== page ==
Firms do not possess ‘unlimited money tree’




Tribune Business Editor


THE Chamber of Commerce’s chairman yesterday said the Government seems to feel firms have access to an “unlimited money tree” with the private sector often falling victim to “suppressive” policies.

Timothy Ingraham, speaking on a panel discussion at the Bahamas Business Outlook conference, said the business community was frequently ignored by policymakers who proceeded with pre-conceived laws and regulations despite being warned of the potential harm they may inflict on the economy.

“It is critically important that the business community is involved in what is happening in this country, and planning in this country,” he argued. “I’ve seen too many times when we get called into collaborate only to be told what is going to happen and our feedback is ignored, and the powers that be will go forward with their plans despite what we are saying.

“Most business people in this country have invested millions of dollars in this country, in their businesses. It’s in their best interests to see that investment grow to get a return on it. That’s why they invested. They can tell you what’s best for their businesses, what’s the best way to move this country forward for their businesses.

“There’s no sense me planning what we’re going to do for tourism if I’m not speaking to the stakeholders in tour- ism. There’s no sense me planning what’s going to happen with employment in this country if I’m not speaking to the small and medium-sized enterprises that drive employment in this country,” Mr Ingraham continued.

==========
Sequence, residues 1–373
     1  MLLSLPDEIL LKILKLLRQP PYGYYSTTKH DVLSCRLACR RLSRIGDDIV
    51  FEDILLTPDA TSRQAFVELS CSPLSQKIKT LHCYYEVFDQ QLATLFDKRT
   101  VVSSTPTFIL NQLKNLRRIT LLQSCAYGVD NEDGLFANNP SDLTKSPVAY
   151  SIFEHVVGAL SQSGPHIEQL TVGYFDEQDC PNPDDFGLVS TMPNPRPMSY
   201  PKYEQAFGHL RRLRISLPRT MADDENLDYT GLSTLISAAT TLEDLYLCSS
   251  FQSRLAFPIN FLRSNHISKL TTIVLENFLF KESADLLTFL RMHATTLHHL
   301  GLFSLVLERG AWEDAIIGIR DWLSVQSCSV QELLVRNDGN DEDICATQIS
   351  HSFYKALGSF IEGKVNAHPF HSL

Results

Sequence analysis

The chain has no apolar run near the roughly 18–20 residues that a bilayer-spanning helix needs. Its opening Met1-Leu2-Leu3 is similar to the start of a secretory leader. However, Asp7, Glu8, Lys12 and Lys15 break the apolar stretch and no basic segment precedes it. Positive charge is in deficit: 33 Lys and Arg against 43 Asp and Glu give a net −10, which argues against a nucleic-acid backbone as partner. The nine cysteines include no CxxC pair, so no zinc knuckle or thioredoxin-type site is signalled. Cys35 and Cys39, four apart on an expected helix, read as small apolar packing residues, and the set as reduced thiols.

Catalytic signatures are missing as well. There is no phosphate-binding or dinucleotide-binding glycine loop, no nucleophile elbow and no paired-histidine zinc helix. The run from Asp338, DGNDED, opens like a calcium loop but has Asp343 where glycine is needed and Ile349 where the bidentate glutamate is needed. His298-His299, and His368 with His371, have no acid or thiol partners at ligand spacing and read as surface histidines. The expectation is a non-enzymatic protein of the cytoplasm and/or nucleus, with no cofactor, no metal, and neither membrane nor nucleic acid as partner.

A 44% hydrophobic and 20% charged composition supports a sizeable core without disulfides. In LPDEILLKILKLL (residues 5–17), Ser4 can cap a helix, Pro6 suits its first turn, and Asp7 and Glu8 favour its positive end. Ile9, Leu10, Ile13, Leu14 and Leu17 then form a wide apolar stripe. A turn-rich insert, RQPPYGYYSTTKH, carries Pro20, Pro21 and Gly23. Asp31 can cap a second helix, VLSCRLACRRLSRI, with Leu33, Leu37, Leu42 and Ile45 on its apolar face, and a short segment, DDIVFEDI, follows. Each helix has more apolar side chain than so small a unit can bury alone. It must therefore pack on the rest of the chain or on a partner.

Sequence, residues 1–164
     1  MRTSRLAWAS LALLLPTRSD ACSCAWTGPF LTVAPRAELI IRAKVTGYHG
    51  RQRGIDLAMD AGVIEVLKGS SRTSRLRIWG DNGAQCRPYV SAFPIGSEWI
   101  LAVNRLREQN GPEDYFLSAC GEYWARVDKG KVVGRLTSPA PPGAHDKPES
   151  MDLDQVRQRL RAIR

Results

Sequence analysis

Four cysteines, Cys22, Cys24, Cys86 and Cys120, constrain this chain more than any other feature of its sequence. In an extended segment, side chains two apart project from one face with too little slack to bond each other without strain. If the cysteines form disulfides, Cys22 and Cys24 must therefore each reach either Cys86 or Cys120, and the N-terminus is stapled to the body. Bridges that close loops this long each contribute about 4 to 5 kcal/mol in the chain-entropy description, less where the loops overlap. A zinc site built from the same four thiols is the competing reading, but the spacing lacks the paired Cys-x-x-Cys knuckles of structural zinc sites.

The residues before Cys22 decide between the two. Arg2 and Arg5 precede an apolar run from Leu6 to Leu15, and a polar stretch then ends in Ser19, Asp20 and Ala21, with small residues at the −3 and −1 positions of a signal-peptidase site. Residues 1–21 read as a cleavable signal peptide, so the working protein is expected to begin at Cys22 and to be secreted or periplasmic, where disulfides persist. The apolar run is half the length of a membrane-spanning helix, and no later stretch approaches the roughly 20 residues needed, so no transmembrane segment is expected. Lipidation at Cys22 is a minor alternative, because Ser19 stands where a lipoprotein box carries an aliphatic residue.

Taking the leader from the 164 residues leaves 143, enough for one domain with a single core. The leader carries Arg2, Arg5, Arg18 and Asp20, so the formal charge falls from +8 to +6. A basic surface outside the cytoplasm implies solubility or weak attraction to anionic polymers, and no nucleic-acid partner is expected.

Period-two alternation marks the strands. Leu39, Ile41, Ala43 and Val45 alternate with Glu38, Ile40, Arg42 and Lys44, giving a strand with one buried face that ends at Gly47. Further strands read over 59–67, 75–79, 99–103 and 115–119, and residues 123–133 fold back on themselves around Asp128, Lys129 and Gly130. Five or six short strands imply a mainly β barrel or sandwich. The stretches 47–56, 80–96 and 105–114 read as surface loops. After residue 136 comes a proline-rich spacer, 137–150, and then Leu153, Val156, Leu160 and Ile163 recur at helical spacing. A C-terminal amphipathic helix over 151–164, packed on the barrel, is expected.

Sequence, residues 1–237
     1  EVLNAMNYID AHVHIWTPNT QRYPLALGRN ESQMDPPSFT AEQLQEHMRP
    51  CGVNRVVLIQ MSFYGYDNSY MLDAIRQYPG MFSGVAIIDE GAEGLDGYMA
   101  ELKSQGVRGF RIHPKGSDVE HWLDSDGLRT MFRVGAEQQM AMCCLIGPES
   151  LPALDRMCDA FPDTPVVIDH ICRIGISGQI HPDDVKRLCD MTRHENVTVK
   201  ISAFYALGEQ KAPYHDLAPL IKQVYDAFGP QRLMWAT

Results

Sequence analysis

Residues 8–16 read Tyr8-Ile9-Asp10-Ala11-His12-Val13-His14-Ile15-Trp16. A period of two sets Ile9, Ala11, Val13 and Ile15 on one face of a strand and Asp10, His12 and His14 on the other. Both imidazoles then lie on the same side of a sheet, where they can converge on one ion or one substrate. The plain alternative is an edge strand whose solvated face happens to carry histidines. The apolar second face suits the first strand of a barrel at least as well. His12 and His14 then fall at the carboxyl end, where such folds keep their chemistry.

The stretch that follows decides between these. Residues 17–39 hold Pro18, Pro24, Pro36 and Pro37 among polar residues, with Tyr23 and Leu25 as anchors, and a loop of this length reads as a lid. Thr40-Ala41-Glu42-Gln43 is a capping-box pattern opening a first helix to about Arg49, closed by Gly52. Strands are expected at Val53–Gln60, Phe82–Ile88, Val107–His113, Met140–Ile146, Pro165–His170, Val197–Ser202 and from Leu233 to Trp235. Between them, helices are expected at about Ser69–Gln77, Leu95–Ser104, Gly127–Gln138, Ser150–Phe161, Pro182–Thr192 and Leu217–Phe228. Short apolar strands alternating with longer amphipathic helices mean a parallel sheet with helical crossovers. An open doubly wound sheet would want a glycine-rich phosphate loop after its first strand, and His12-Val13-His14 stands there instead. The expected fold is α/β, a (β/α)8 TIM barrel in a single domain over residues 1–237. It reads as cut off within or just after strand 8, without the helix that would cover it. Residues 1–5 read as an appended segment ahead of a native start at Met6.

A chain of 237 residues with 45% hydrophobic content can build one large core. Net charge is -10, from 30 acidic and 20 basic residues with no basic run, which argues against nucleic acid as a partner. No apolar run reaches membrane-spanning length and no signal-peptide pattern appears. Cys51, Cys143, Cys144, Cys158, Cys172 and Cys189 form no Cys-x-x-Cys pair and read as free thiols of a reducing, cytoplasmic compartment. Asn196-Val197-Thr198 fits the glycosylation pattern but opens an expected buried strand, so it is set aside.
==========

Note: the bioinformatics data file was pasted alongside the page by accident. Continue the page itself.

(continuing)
“A lot of times we see policies that seem to be regressive for business, almost serving to hold the businesses back. There seems to be a kind of feel- ing that businesses have an unlimited supply of money: Just go to the money tree out back and get it to pay for whatever needs to be paid.

“And so it’s critically important we sit down and have open dialogue with the business community when decisions are being made.” The Chamber chair said this occurred via the Economic Recovery Committee that was created by the Minnis administration to develop ideas and strategies for The Bahamas’ post-COVID revival, where the private sector was centrally involved in providing recommendations and advice.

“To leave the business community out of these discussions, to ignore the advice, I think it’s going to go nowhere because you’re going to come up with policies that are bad for business, that are going to suppress business and which don’t encourage growth,” Mr Ingraham said.

Asked to identify the two priority reforms necessary to drive increased investment by all sizes and types of business, the Chamber chief identified “fixing” The Bahamas’ education system as the country’s greatest need. He added that a recent Chamber survey of its members had again identified the private sector’s “number one” problem as finding employees with the right basic skills, attitude and work ethic.

Revealing that the survey will likely be discussed with Pia Glover-Rolle, minister of labour and the public service, in an upcoming meeting with the Chamber, Mr Ingraham added that improved educational outcomes - together with better job and income prospects - is a key element in the fight against rising crime.

“I believe it all starts with education,” he said. “Our education system has been failing us for quite a while. We don’t seem to have the formula to fix it yet but we need to fix it. We see the incidents on our streets, which is a manifestation of that.”